Fun Stay-at-Home Activities for the Family
By Josh Minnick
DrVita VP Sales & Marketing and Former Child Actor
The current reality of staying at home can be daunting to some. But, it can also be a refreshing time to reconnect with our family and find activities to do other than binge-watching your favorite TV shows. While I adore being the Vice President of Sales and Marketing for Nature’s Lab and DrVita, I also have a secret. I was a child actor, who taught kids improv for over a decade. My wonderful wife (also our art director) asked me to share a few of the games I used to entertain and educate kids with the hope that they can be helpful for those of us looking for new activities while we practice our social distancing.
Below are a few ideas to pass the time with your munchkins (or even your spouse). These activities should be fun and will actually teach you a lot about one another. The first rule of improv is “yes, and…”which means that anything is allowed, so remember when you play these games. The goal is to imagine and create, not to follow rules or guidelines. Feel free to make these activities unique to your family and “improvise” with materials as you see fit.
Share a Draw
What you need: paper, crayons/pencil/pen, and your imagination
Have the parent start by drawing a simple object. No rules, no inspiration, no guidelines; anything that comes to mind, but try to keep it simple and abstract. (example A).
Pass the paper to your partner. Have them inspect and imagine the shape and continue the drawing. Feel free to turn the paper around, rotate it at any angle, and look at it in different perspectives. Remember, the goal at this stage isn’t to necessarily “make” anything out of the drawing but, rather, just to continue however your imagination leads. (example B.)
Pass the paper to the next player, or back if there are just the two of you. Now inspect the drawing again, see where the shapes lead you. You can continue the drawing, add new shapes, or just have fun. The team decides when the drawing is complete (example C, D).
I stress again, that the goal isn’t to get the drawing “right.” Watch each players behavior and you will start to see interesting lessons emerge. Some of us are “rule followers” and we will ask a lot of questions about “can” and “should.” Try not to answer these questions other than a vague, “However you feel” to help foster creativity. Some of us are fast and immediate; this too is a gift. Notice how each player has their own approach to the same goal. Once the team has decided the picture is finished, be sure to sign and date (I always liked to put my age next to my name) and hang proudly on your wall. Start a new one, and see where this leads.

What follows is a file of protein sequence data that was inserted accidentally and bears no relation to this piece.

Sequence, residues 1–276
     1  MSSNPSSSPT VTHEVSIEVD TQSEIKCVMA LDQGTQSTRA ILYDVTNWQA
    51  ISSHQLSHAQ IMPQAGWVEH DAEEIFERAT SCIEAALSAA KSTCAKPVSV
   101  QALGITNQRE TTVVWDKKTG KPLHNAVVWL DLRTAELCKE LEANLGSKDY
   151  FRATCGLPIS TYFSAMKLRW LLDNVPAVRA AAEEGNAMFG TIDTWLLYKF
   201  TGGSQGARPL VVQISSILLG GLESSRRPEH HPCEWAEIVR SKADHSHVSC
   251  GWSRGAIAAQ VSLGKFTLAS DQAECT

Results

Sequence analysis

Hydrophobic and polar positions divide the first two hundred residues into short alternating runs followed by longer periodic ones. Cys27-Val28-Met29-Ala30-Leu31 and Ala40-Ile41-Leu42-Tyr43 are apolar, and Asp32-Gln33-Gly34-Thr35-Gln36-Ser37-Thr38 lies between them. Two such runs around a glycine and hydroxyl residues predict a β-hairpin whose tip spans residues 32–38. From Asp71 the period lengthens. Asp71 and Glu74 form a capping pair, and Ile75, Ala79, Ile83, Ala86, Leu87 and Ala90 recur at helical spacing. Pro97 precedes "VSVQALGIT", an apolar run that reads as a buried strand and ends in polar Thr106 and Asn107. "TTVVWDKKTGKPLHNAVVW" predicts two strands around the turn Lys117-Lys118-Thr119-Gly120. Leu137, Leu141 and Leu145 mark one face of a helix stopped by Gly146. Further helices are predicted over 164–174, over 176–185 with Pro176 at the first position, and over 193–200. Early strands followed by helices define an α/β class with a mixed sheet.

Share a Story
A lot like “Share a Draw” but more geared for the writers in all of us. Start with the first paragraph of a story. For example:
“Once upon a time, there was a beautiful princess named Paulina. Paulina lived in a tall tower in the mist mountains. Every morning, when Paulina awoke, she would go out onto the balcony, and water her flowers.”
Try to remember that every good story has a “Who, What, and Where,” so when beginning, especially with the smaller of the munchkins, keep it clear and simple. Pass the paper to the next player, and ask them to continue the story. Now, keep in mind, there are no real rules. The story can twist and turn where each player wants to take it.
“...When suddenly a giant dragon flew down from the clouds and landed on the tower. The dragon looked down at Paulina and said with a snarl, “What a delicious little snack you will make!’ Paulina, seeing that her escape was blocked by the dragons tail, pulled a long sword from her purse. Waiving it high in the air, she blurted out….”
Continue this story no matter how ridiculous (and usually silly) it becomes, to a conclusion agreed upon by the group. Remember to sign and date and keep these memories so you can cry when the little ones go off to college.
About the Author
Written with love by Paulina Minnick (his wife and Art Director)